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US insulin costs per patient nearly doubled from 2012 to 2016: study

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The cost of insulin for treating type 1 diabetes in the United States nearly doubled over a five-year period, underscoring a national outcry over rising drug prices, according to a new analysis shared with Reuters.

A person with type 1 diabetes incurred annual insulin costs of $5,705, on average, in 2016. The average cost was roughly half that at $2,864 per patient in 2012, according to a report due to be released on Tuesday by the nonprofit Health Care Cost Institute (HCCI).

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The figures represent the combined amount paid by a patient and their health plan for the medicine and do not reflect rebates paid at a later date.

The increasing cost of insulin has led some patients to put their own health at risk.

In recent months, anecdotal stories have cropped up from family members and patients describing the rationing of the life-saving medication because they could not afford out-of-pocket expenses for insulin. That has also led to some protests outside company headquarters of insulin makers.

HCCI said the jump in spending was driven primarily by higher insulin prices overall and, to a lesser extent, a shift toward more expensive insulin products. Average daily insulin use rose only 3 percent over the same five-year period, the report found.

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“It’s not that individuals are using more insulin or that new products are particularly innovative or provide immense benefits,” Jeannie Fuglesten Biniek, a senior researcher at HCCI and the report’s co-author said in a phone interview.

“Use is pretty flat, and the price changes are occurring in both older and newer products. That surprised me. The exact same products are costing double,” she said.

Drugmakers say they periodically need to raise U.S. list prices of their medications to help offset steep rebates they must offer to get them covered by insurance plans. In the last two years, major pharmaceutical makers have limited annual price hikes of prescription medicines under growing pressure from the administration of U.S. President Donald Trump and Congress.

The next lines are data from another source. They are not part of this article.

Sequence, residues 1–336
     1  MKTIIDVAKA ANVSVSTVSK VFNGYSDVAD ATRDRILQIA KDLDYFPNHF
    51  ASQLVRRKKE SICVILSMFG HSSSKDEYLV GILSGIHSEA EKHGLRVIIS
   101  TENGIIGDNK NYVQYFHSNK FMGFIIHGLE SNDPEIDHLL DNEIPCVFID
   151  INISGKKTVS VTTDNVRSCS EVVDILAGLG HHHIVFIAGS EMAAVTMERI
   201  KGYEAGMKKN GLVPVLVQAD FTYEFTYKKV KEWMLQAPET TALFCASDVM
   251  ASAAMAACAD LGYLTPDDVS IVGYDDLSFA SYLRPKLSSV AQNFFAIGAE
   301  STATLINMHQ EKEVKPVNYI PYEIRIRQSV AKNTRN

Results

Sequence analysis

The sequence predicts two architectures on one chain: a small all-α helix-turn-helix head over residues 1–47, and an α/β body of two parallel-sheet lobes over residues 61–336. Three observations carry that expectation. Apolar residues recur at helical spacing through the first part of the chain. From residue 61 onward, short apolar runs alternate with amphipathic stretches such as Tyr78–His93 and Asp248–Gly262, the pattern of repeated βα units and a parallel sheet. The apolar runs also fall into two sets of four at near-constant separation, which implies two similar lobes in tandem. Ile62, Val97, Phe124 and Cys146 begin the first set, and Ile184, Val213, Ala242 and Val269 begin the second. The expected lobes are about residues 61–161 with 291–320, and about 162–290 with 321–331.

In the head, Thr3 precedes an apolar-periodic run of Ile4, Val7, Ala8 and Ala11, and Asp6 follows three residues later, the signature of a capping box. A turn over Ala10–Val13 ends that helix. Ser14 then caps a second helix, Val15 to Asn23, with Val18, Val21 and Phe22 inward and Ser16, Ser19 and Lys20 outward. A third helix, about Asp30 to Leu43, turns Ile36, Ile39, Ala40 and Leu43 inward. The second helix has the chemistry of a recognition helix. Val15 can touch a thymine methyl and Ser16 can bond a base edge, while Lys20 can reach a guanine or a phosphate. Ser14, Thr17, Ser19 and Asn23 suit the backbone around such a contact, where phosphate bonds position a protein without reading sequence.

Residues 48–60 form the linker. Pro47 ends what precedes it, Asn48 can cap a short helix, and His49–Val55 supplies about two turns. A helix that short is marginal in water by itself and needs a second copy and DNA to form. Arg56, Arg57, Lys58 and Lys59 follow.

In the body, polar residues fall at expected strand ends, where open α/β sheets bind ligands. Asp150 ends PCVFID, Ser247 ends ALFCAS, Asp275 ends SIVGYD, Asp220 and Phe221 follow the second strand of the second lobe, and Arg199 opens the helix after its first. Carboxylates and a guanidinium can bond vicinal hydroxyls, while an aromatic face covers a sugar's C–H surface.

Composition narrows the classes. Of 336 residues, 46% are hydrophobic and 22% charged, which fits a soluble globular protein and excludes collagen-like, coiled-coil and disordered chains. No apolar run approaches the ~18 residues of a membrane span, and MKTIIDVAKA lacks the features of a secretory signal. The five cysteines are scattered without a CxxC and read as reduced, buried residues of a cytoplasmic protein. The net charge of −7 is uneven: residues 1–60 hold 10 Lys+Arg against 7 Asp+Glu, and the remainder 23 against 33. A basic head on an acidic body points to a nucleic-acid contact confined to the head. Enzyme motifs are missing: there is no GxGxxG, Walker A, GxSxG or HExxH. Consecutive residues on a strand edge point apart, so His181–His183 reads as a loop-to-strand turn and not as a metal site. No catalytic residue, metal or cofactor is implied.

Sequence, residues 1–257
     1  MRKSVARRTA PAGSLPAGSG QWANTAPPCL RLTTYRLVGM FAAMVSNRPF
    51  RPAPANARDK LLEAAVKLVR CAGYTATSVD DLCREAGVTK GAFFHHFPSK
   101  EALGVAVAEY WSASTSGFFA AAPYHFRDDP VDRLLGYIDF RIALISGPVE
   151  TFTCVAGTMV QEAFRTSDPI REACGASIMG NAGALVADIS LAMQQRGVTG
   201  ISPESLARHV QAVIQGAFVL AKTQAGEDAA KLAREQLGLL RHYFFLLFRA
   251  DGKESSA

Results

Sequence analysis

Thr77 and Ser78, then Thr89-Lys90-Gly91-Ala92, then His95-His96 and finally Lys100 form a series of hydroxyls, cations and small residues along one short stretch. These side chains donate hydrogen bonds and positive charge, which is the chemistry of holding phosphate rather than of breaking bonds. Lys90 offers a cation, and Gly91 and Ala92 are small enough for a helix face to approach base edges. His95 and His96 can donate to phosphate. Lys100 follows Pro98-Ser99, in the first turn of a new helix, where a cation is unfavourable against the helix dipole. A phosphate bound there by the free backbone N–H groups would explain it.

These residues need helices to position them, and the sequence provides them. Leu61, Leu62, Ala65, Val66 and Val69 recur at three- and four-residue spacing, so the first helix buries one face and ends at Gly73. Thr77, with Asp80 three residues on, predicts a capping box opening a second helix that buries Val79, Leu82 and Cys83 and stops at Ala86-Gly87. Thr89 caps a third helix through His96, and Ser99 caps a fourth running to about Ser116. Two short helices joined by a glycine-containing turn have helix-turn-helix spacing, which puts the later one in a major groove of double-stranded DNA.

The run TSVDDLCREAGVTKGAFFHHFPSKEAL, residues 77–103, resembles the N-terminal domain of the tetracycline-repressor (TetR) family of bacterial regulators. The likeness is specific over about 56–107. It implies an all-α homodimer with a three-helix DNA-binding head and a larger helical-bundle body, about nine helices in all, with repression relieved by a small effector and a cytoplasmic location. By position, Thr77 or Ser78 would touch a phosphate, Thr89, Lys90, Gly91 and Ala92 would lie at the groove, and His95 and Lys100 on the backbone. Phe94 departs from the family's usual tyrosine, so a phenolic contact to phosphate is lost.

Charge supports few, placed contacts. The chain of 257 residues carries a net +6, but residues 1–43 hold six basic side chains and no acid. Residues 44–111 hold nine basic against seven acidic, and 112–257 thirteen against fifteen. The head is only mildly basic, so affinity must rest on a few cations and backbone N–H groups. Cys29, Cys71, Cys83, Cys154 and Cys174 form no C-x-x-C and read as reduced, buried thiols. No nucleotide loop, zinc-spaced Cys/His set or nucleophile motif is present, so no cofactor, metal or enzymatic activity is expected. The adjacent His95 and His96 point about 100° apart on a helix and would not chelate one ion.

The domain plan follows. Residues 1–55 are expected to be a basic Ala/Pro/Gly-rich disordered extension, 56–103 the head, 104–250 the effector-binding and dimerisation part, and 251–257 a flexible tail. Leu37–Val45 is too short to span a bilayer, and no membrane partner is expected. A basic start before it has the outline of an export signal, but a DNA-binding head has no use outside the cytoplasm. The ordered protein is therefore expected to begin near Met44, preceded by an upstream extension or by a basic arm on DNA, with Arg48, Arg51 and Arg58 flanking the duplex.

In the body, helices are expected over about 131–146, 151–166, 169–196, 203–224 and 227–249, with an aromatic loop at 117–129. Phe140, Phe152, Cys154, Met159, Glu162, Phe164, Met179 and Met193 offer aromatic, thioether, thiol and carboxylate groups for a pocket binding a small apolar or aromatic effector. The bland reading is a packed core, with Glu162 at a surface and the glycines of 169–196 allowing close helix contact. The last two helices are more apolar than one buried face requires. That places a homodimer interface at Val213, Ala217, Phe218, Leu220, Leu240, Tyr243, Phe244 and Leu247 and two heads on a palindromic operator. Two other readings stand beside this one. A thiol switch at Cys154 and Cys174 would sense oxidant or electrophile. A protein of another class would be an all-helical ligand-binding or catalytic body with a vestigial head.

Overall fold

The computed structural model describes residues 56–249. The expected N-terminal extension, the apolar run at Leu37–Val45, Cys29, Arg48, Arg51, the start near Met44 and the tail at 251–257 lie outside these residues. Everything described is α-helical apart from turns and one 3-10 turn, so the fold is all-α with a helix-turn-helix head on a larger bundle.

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NEW OUTRAGE
HCCI, based in Washington, D.C., tracks insurance claims data on about 80 million people, drawing on information from the government’s Medicare health plan for Americans aged 65 and older and four of the industry’s largest health insurers: UnitedHealth Group, Aetna, now owned by CVS Health Corp, Humana Inc and Kaiser Permanente.

The insulin report analyzed commercial claims data for about 15,000 patients with type 1 diabetes annually who had at least one prescription for an insulin product during the year.

From 2012 to 2016, the average price of insulin increased from 13 cents per unit to 25 cents per unit, according to the report. For the average patient using 60 units per day, the daily cost went from $7.80 in 2012 to $15 in 2016.

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The findings come amid new outrage over the cost of prescription drugs in the United States, the highest in the world.

This month, Democratic lawmakers introduced legislation aimed at lowering prescription medicine costs for consumers and sent letters to 12 drugmakers seeking information on price hikes. They included the top three insulin manufacturers – Indianapolis-based Eli Lilly and Co, Danish drugmaker Novo Nordisk A/S and France’s Sanofi SA.

In October, the Minnesota attorney general sued the three main insulin makers and accused them of deceptively raising prices. A similar proposed class action lawsuit on behalf of patients is pending in New Jersey federal court.